Facets – Other than mind-diving being a favorite trope, Facets illustrates the expressive possibilities of JRPGs made with prefab assets, depicting the unraveling reaches of a mind. And its battle design is tight, showing the expressive potential of systems that often get ahistorically written off as grindy or “old”. There’s so much depth to a small kit of tools, which inspires me to really push a simple-feeling system to its limits (right now we’re designing a intimidating (for us) game with jrpg-esque mechanics.) There’s even a cool post about how these battles were made in Facets!

Subway Adventure – A grab bag of 3D spaces connected via subways, the motions of waiting, boarding, and getting off trains and wandering stations (with their evocative names), the ways they disturbingly parallel real life and the circulation of people. While playing, this game really takes me to a weird place with my relation to transit and just moving around to different zones. Bodies moving in large numbers. Makes me think about tourism and wandering – what can you actually do as a tourist other than just stare and gawk? Why travel? Why does tourism exist, what’s the history… etc. Well, other than that, formally this is just a cool 3D game, too. Each station has some unique theme to it and a mini-treasure hunt.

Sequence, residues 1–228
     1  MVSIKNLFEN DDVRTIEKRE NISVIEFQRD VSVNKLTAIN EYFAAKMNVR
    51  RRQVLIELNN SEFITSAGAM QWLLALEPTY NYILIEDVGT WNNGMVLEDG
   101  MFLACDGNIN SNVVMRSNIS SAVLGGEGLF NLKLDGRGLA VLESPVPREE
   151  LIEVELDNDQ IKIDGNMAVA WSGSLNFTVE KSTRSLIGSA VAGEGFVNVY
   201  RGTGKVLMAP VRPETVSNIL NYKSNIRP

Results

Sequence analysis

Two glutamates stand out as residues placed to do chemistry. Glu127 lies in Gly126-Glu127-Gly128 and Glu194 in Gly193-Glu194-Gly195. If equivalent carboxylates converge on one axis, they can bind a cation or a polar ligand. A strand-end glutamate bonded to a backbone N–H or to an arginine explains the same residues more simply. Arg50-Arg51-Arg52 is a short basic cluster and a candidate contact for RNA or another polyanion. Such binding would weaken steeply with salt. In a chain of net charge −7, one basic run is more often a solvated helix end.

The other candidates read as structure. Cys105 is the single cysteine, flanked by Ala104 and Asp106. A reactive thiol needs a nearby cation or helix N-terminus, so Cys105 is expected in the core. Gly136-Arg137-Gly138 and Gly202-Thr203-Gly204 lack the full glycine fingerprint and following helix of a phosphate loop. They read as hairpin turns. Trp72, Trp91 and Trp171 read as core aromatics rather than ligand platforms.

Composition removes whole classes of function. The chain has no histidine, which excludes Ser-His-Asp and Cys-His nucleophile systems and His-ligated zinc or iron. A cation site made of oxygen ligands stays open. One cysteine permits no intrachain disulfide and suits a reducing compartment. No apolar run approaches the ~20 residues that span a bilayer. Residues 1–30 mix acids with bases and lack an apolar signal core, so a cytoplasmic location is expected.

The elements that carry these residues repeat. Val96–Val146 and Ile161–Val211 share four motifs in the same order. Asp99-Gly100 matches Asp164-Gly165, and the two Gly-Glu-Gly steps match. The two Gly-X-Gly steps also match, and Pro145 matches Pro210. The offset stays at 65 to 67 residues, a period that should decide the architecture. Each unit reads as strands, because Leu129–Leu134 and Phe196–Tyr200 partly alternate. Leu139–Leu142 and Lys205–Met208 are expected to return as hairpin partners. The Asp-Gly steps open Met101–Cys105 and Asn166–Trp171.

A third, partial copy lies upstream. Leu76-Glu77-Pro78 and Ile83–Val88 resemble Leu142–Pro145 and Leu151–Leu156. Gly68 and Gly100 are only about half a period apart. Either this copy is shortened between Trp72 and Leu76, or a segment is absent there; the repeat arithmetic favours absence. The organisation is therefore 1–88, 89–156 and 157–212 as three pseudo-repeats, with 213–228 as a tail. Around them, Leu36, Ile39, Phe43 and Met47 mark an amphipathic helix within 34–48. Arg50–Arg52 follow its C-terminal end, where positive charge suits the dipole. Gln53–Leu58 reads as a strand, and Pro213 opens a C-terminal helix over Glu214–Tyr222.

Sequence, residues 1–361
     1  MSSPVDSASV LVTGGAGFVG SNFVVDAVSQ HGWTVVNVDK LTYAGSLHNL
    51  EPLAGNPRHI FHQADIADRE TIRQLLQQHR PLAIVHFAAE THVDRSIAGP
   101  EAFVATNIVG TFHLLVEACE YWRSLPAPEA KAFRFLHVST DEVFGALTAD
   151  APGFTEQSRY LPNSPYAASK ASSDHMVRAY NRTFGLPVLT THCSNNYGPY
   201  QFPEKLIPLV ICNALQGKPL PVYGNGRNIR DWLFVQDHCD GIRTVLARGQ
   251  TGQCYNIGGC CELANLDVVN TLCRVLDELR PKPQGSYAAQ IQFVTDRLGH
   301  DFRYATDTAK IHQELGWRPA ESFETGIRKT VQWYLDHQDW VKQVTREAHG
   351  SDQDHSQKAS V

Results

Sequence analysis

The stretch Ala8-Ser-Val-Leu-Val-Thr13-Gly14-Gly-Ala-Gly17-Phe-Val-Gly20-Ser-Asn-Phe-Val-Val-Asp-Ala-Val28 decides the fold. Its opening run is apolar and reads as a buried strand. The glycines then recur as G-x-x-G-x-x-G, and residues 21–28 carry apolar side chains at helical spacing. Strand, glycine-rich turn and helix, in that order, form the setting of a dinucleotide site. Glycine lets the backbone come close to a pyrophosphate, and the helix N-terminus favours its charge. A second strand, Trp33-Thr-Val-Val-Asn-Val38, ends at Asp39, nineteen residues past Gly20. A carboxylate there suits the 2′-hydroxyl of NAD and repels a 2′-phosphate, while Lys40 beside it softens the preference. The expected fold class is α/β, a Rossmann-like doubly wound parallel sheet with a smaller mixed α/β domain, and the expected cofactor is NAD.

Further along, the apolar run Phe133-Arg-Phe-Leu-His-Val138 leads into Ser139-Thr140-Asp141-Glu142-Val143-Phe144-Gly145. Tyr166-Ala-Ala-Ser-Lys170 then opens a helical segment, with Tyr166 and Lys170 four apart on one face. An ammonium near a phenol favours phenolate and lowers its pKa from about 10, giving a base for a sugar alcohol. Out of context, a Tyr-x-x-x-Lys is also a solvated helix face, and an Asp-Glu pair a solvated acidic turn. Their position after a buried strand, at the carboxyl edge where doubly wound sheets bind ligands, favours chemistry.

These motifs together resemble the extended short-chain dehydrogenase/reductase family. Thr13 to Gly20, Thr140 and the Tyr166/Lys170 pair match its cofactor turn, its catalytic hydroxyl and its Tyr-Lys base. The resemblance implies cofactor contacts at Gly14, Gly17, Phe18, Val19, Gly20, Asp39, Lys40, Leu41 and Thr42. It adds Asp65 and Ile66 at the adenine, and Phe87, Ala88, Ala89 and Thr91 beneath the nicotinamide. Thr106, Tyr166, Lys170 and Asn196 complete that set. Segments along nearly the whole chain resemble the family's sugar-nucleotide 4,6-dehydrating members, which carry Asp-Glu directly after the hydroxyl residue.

Mouse Corp– I like a lot of thecatamites’s games but picked this because its saturated 3D environment and abstract political story and mechanical play on open world grindy games have stuck with me despite me only playing it once years ago. The way the atmosphere changes as stuff passes to night, or the strange 3D creatures lurking the overworld – there’s a lot to love here on top of the narrative aspects.

Knytt Underground – Dark, lush, calm, mysterious, memorable. In some ways, a 2D ‘open world’ platformer. Some goals, but they feel like tactile texture so you can enjoy the collaborative soundtrack and art style. A very unified feeling game, left an impression on me when I played it in 2012.